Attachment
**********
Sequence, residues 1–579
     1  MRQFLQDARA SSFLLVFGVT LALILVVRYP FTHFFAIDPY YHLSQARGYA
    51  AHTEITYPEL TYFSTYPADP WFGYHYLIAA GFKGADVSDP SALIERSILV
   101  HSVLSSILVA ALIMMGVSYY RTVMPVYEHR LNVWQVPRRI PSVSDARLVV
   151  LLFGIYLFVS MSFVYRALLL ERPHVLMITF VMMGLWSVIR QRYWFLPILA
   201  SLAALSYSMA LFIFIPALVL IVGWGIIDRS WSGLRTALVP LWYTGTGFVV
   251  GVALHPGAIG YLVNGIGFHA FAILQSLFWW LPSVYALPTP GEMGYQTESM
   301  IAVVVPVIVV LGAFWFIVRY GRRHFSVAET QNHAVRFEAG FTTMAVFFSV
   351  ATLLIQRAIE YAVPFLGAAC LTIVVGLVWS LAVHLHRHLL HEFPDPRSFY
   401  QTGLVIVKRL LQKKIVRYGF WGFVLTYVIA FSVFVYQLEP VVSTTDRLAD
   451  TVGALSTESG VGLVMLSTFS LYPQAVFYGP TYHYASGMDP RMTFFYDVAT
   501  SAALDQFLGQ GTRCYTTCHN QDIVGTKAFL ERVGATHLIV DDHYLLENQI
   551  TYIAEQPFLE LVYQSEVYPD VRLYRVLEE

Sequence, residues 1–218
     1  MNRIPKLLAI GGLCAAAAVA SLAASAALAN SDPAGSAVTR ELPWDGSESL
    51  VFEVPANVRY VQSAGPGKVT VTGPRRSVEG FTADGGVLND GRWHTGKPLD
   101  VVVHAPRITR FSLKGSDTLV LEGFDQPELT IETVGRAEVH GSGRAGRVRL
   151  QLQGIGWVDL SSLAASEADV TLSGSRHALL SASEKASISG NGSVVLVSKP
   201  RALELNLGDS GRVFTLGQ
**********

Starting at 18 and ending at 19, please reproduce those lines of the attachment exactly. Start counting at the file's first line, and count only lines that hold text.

   151  QLQGIGWVDL SSLAASEADV TLSGSRHALL SASEKASISG NGSVVLVSKP
   201  RALELNLGDS GRVFTLGQ